Responding to the heroin epidemic's rising death toll in New York's suburban and upstate communities, Attorney General Eric T. Schneiderman today announced the launch of the Suburban and Upstate Response to the Growing Epidemic ("S.U.R.G.E.") Initiative, a new law enforcement effort spearheaded by the Attorney General's Organized Crime Task Force that aims to disrupt New York's widening heroin and opioid distribution networks. Specifically, the S.U.R.G.E Initiative will target gangs and individuals who deal heroin and opioids and commit acts of violence in suburban and upstate communities across New York State. To carry out this mission, the OAG's Organized Crime Task Force, which has partnered with all levels law enforcement to arrest more than 750 individuals in metro areas across the state since 2010, will work closely with federal, state, and local law enforcement to investigate, arrest, and prosecute those criminals who target suburban and upstate areas.

Last week, AG Schneiderman and Syracuse Police Chief Frank Fowler announced the first successful takedown under the SURGE Initiative, arresting and indicting 52 people in Operation Bricktown, a multipronged investigation that dealt a major blow to one of Syracuse's most violent drug dealing street gangs.  Read more here.
Kaiser Family Foundation Brief Examines Per Enrollee Medicaid Spending for Seniors and People with Disabilities, Which Varies Greatly By State

Medicaid coverage of acute and long-term care for more than 6 million low-income seniors and 10 million nonelderly people with disabilities accounts for nearly two-thirds of overall Medicaid spending, although such enrollees represent less than a quarter of people on Medicaid.  Much of Medicaid's spending on seniors and people with disabilities also depends on state decisions about whom to cover and which services to pay for, which is a big reason why Medicaid spending per enrollee for these populations varies greatly from state to state.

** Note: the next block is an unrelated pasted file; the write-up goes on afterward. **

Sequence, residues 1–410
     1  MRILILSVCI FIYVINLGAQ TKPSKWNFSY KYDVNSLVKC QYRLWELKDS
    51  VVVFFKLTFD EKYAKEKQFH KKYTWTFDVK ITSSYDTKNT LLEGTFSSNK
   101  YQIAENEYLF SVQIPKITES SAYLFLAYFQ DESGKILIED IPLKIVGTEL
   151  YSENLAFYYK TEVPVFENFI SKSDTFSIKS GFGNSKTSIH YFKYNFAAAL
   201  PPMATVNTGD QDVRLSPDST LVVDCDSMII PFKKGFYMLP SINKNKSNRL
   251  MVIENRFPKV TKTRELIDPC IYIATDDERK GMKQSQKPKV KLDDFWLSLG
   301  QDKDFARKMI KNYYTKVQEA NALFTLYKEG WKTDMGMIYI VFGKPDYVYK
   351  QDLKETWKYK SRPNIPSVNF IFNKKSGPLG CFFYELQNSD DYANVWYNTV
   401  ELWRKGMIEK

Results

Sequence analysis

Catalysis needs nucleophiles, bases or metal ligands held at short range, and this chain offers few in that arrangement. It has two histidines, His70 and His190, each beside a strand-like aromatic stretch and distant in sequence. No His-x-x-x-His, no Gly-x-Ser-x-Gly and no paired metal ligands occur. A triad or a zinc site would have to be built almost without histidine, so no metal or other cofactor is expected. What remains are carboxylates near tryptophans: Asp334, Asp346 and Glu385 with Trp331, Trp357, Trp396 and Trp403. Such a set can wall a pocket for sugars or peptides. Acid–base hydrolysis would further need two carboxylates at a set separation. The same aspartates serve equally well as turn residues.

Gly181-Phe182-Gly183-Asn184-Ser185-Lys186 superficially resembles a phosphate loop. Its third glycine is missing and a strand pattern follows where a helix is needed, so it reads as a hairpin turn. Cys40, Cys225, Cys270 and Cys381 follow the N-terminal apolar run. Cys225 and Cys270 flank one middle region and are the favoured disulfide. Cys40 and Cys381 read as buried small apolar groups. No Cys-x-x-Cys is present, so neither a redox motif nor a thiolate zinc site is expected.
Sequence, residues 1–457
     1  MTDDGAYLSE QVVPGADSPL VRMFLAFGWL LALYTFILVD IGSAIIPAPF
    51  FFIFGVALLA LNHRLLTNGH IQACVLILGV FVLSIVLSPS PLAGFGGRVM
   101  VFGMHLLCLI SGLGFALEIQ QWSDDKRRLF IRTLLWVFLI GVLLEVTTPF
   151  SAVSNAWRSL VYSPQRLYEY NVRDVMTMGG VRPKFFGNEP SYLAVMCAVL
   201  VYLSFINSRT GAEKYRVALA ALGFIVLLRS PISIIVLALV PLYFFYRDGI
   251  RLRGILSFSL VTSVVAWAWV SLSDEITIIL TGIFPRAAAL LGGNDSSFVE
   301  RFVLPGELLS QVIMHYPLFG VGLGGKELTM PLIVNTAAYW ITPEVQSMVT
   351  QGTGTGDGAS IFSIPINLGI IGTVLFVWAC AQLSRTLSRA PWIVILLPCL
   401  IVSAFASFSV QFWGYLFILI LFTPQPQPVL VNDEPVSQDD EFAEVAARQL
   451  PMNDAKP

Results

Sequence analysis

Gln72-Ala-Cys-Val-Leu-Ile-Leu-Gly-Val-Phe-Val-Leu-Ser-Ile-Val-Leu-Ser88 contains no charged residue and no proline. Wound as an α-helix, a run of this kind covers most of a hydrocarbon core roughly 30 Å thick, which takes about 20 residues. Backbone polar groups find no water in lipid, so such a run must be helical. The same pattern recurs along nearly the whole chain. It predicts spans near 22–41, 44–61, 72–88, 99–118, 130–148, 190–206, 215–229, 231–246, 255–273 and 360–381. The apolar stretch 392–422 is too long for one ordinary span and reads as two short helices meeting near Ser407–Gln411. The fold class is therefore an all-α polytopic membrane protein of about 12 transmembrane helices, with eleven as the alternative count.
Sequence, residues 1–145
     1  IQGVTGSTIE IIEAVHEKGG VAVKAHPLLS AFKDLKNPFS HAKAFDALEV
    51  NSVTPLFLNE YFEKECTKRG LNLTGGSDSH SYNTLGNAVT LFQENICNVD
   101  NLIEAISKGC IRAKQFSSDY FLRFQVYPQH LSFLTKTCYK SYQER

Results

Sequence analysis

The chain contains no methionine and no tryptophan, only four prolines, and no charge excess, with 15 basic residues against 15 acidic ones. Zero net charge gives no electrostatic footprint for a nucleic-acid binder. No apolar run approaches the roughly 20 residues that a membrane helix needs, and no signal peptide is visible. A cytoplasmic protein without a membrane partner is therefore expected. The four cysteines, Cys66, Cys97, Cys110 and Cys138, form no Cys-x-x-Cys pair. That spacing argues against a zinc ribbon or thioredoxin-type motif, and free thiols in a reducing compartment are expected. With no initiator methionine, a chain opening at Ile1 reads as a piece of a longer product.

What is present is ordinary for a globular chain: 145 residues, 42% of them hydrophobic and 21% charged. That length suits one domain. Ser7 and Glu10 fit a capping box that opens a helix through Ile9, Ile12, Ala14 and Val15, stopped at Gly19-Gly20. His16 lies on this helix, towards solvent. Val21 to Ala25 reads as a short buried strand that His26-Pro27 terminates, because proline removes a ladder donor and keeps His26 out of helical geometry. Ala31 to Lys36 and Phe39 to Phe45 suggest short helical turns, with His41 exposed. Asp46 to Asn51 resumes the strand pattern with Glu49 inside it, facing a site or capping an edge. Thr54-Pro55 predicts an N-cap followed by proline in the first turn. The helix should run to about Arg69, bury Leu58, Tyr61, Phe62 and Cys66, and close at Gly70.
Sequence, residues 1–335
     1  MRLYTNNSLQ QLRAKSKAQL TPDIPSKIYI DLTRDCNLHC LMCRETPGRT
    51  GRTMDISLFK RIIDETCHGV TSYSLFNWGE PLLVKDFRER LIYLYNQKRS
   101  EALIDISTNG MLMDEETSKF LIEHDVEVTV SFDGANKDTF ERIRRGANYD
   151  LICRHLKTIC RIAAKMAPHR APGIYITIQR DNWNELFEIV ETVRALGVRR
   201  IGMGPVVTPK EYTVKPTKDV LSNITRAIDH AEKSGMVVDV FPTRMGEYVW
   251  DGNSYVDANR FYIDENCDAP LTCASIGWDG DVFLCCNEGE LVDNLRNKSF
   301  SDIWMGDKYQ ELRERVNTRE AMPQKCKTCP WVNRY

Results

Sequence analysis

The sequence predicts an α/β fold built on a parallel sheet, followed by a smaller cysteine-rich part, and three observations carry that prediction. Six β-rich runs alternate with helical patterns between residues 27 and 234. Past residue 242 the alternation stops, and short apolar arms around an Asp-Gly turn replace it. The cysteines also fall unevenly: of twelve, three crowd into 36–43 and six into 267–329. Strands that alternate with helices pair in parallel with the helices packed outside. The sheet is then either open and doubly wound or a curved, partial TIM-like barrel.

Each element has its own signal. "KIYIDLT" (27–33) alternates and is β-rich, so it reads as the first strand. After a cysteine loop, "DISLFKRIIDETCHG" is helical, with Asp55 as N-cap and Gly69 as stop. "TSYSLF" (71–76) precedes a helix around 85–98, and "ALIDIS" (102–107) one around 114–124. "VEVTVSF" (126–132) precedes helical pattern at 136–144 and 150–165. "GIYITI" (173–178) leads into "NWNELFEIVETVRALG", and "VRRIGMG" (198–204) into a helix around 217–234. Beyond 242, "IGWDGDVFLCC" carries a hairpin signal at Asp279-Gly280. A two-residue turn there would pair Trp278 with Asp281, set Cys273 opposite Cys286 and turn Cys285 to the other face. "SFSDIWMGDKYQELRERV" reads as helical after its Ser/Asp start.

A new issue brief from the Kaiser Family Foundation documents that variation and explains how the American Health Care Act's proposed caps on per enrollee Medicaid spending could lock-in these spending differences. The brief also notes that because most age and disability-related Medicaid coverage pathways, as well as many services such as community-based long-term care, are provided at state option, states could potentially cut back on them if faced with federal Medicaid funding reductions over time.
Spike in Mentally Ill LA Jail Inmates Leads to New Policies

LOS ANGELES (AP) - Perhaps the largest group of mentally ill inmates in the U.S. resides in Los Angeles in one of the world's largest jail complexes.   Over the past seven years, the jail's population has spiked almost 50 percent - with nearly every inmate having both mental illness and substance abuse problems - and officials suspect the rise is due to methamphetamine use.

The Twin Towers Correctional Facility is home to about 4,000 mentally ill inmates. The increase in the number of mentally ill prisoners - about 30 percent of the county's total jail population - has led the sheriff's department to adapt its policies as deputies and clinicians work to treat people dealing with both psychiatric disorders and substance abuse.

Los Angeles County Sheriff Jim McDonnell has blamed the surge on meth use, but doctors say it's often difficult to distinguish whether the patients had underlying conditions and then started using drugs, or if their chronic drug use led to psychiatric disorders.   Sheriff's officials say they've started training deputies specifically in dealing with mental illness and focusing on treatment instead of punishment.  Read more here.
The Conference of Local Mental Hygiene Directors advances public policies and awareness for people with mental illness, chemical dependency and developmental disabilities.  We are a statewide membership organization that consists of the Commissioner/ Director of each of the state's 57 county mental hygiene departments and the mental hygiene department of the City of New York.